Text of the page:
By Arthur Hirsch, The Baltimore Sun
8:43 PM EDT, April 17, 2014
Months after being thrust into a national spotlight as the face of Howard County's response to a murder-suicide at The Mall in Columbia, Police Chief William J. McMahon said Thursday that he is retiring in June after 28 years with the department.
McMahon, 51, who has served nearly eight years as chief, said he had picked the date of June 30 four years ago when he signed up for a deferred retirement payment program.
"The timing is just right," McMahon said in a telephone interview. "I had some long-range plans that this would be the date. … I'm blessed. I still love what I'm doing day after day."
McMahon said Maj. Gary Gardner, a 30-year member of the department, has been named by Howard County Executive Ken Ulman to take over command of the department of 649 full-time sworn and civilian employees with a budget of just under $100 million.
McMahon was acting chief when Ulman named him to the top job soon after he was elected in 2006.
"I think the world of him and the job he's done," Ulman said Thursday. He credited McMahon for innovations that helped to reduce crime and for his steady, calm leadership after the mall shooting on Jan. 25.
As one of the first ranking officers on the scene at the mall that Saturday when two people were killed and the gunman shot himself, McMahon supervised scores of police officers from Howard and other jurisdictions, then delivered news updates before dozens of reporters, photographers and videographers on an event that attracted national coverage.
Last month, McMahon conducted a news briefing to review the evidence police had gathered. He described the gunman as a young man in declining mental health preoccupied with violence, particularly the Columbine High School mass shooting in Colorado in 1999.
The two killings and a suicide in one day in Columbia took place in an affluent, suburban county of 300,000 people that ordinarily experiences four or five homicides a year.
McMahon, who joined the department as a patrol officer in 1986, is set to depart after years of falling crime in the county. He attributes that in part to efforts under his administration to crack down on repeat offenders and domestic violence.
"I'm very, very proud of what our crime numbers look like compared to what they looked like in 2006," said McMahon. He said the number of overall crimes is down about 9 percent between 2006 and 2012 — auto theft down by half, robberies cut by a bit more than a third, burglaries down 10 percent.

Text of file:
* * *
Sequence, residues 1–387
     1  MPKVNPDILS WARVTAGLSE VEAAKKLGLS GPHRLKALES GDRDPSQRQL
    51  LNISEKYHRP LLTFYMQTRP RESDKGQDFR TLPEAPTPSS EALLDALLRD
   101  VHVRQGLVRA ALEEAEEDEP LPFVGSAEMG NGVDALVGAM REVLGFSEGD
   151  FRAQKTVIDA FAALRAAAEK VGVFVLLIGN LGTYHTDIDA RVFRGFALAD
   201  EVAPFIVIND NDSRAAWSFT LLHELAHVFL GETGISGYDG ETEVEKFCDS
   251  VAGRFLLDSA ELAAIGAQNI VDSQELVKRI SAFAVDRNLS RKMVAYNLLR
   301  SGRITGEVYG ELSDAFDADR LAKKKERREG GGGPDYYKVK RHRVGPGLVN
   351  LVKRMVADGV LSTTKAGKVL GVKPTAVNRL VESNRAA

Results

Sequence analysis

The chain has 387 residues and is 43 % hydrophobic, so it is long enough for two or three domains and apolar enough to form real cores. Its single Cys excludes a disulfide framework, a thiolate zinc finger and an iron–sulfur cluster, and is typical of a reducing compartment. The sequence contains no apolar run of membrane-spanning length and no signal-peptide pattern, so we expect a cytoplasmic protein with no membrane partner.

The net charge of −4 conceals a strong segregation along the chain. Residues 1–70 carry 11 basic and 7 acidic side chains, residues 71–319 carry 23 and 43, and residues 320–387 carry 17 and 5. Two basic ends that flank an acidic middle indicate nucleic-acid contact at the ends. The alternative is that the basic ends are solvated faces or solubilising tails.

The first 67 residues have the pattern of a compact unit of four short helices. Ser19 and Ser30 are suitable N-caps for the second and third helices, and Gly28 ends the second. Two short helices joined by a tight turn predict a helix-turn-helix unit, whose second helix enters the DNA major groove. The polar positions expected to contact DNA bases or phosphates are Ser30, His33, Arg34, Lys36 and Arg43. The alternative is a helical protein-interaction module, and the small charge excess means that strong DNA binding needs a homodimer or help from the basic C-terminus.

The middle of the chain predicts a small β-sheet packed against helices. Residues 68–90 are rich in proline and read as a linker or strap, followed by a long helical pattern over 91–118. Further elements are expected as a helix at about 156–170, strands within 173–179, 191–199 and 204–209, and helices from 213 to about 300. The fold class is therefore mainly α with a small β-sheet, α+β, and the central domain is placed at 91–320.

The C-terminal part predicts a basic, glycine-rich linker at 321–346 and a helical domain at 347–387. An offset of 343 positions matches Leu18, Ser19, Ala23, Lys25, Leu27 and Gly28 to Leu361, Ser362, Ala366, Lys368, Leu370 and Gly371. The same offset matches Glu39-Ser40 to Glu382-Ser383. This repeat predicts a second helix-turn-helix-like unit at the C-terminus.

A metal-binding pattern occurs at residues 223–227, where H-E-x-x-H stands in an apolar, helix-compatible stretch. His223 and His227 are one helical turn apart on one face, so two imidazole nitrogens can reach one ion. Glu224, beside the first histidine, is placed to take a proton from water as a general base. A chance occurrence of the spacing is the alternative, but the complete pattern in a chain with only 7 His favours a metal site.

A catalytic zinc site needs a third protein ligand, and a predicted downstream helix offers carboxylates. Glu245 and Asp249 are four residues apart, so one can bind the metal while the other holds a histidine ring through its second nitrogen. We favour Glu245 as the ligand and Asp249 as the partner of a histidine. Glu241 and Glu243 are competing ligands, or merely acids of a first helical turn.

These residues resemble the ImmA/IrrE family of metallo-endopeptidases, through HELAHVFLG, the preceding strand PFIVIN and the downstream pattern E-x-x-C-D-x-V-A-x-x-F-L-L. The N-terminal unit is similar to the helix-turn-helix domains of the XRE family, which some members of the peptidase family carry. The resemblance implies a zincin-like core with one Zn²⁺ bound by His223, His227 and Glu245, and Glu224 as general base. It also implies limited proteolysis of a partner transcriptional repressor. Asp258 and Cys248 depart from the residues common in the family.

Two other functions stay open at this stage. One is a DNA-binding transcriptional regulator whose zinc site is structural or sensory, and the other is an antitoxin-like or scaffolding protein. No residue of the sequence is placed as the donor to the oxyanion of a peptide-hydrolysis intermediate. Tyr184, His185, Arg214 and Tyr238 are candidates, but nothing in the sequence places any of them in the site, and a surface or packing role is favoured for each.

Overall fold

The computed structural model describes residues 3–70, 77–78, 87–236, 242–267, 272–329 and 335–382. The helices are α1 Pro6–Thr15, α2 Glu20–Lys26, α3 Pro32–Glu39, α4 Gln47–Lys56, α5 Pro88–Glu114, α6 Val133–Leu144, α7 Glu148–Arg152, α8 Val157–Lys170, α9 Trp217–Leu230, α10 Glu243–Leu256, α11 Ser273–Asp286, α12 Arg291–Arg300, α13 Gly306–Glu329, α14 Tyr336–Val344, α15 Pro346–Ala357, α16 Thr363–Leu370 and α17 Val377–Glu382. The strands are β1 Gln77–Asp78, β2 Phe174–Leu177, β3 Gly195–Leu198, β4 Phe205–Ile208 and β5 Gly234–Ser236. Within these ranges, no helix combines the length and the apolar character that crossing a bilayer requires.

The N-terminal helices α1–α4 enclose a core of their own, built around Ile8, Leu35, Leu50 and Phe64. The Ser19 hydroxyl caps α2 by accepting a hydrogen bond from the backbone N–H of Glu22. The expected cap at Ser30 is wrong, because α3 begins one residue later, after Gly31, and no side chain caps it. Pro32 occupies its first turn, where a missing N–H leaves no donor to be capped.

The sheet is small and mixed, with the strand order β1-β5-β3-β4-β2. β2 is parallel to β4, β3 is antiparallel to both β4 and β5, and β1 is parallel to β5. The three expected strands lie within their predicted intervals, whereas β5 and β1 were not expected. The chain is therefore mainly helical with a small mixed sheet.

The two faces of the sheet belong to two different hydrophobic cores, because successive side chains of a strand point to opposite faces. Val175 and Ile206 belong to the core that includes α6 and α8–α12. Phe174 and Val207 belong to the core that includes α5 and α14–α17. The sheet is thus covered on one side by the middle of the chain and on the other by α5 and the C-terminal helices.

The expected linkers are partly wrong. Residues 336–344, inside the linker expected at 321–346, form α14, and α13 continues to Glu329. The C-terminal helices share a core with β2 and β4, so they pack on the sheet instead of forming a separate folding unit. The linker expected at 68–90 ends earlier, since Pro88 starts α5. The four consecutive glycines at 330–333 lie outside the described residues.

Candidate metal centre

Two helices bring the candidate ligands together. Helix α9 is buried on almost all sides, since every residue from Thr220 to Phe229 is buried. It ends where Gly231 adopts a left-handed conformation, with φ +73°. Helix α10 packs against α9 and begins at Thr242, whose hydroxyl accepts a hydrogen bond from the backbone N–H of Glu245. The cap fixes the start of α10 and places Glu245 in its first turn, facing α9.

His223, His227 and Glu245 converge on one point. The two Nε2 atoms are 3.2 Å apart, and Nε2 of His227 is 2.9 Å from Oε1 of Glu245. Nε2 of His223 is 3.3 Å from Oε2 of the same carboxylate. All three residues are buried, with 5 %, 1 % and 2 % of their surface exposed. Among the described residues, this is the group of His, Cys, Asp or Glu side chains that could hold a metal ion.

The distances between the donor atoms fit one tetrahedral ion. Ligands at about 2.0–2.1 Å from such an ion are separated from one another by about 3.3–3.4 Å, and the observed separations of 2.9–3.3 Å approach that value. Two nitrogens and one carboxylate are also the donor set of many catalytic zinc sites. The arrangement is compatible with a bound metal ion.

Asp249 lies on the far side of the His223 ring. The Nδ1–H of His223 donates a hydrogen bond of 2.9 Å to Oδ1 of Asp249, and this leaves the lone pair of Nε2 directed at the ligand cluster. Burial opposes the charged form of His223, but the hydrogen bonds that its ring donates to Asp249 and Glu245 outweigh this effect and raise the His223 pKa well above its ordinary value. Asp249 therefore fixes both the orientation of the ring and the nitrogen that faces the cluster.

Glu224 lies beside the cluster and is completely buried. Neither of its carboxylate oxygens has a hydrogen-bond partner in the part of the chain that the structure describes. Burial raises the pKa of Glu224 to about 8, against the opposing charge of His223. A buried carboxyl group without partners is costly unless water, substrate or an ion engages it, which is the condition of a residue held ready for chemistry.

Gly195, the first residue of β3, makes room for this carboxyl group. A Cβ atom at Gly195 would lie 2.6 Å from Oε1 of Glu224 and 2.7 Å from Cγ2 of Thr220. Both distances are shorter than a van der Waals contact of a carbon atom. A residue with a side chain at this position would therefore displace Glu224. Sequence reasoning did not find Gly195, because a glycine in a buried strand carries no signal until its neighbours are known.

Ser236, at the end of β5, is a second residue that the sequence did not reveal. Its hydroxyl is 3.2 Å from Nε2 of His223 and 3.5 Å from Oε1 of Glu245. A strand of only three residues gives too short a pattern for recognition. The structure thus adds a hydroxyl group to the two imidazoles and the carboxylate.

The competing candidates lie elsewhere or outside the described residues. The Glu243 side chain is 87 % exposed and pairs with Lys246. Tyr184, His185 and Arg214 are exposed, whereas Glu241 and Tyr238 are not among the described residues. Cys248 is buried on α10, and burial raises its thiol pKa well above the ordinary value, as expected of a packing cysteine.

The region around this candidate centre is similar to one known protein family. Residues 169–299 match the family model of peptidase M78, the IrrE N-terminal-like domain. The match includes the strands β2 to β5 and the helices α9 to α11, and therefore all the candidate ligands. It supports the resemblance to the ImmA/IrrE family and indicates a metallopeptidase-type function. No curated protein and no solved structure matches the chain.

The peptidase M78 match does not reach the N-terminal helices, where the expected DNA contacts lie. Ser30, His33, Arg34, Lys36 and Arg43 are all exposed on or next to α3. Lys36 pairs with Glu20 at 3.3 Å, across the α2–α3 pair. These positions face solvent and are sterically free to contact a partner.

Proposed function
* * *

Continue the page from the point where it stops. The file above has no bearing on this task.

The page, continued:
The county had never seen a killing inside the mall since it opened as a central shopping, eating and gathering spot for the planned community of Columbia in 1971.
That changed when a 19-year-old man with a shotgun killed two people who worked in the Zumiez skate shop on the upper level, wounded another person, then shot and killed himself. No connection was found between the gunman, Darion Marcus Aguilar, of College Park, and the two people he killed, Brianna Benlolo, 21, and Tyler Johnson, 25.
McMahon said he and his wife, Annette, were in his Chevy Tahoe near Arundel Mills in Hanover that morning en route to a weekend in St. Michaels when the police radio erupted with chatter about a shooting at the mall. At first, McMahon thought it was a drill and wondered why he hadn't been told about it, but soon realized otherwise.
He was at the scene in about 15 minutes, he said, as the police contingent grew from about 20 to nearly 100 officers from Howard County and more from elsewhere. One of the challenges at first, he said, was managing all the police from outside the county.
He said the department had worked with mall managers for years to prepare for such a situation, including a drill a year before at the mall that he called "eerily similar" to the real event.
"If that was 'Game Day,' " McMahon said, "it was a game we began planning for six, seven years ago."
While he was accustomed to dealing with one or two local reporters at a time, McMahon stepped out of the mall a couple of hours after the shooting to face several dozen, many of whom were asking questions he could not yet answer.
It was a new experience for him, but he said he "felt comfortable we were doing exactly what we said … giving out as much information as quickly as we could that was accurate."
County Councilwoman Mary Kay Sigaty, who represents the mall area, said the calm, collected presence that national TV audiences saw was no act.
"That is who he was in the midst of that," Sigaty said. She said he told her that day he felt at ease knowing that he "had the right people in the right jobs handling the situation."
She also gave McMahon credit for keeping the police close to neighborhoods by expanding a program of community policing and keeping in touch with Columbia village and homeowners' associations.
Donna Wells, executive director of the quasi-public county Mental Health Authority, said McMahon has been a "real strong partner with community services," meaning more people are getting the help they need from an array of social service and mental health agencies.
McMahon grew up in Montgomery County and served two years with the Maryland-National Capital Park Police before joining the Howard County department. He said he hopes to be remembered for having fulfilled the aspiration he had when he decided as a teenager that he wanted to be a police officer: "to help people and make the community a better place."
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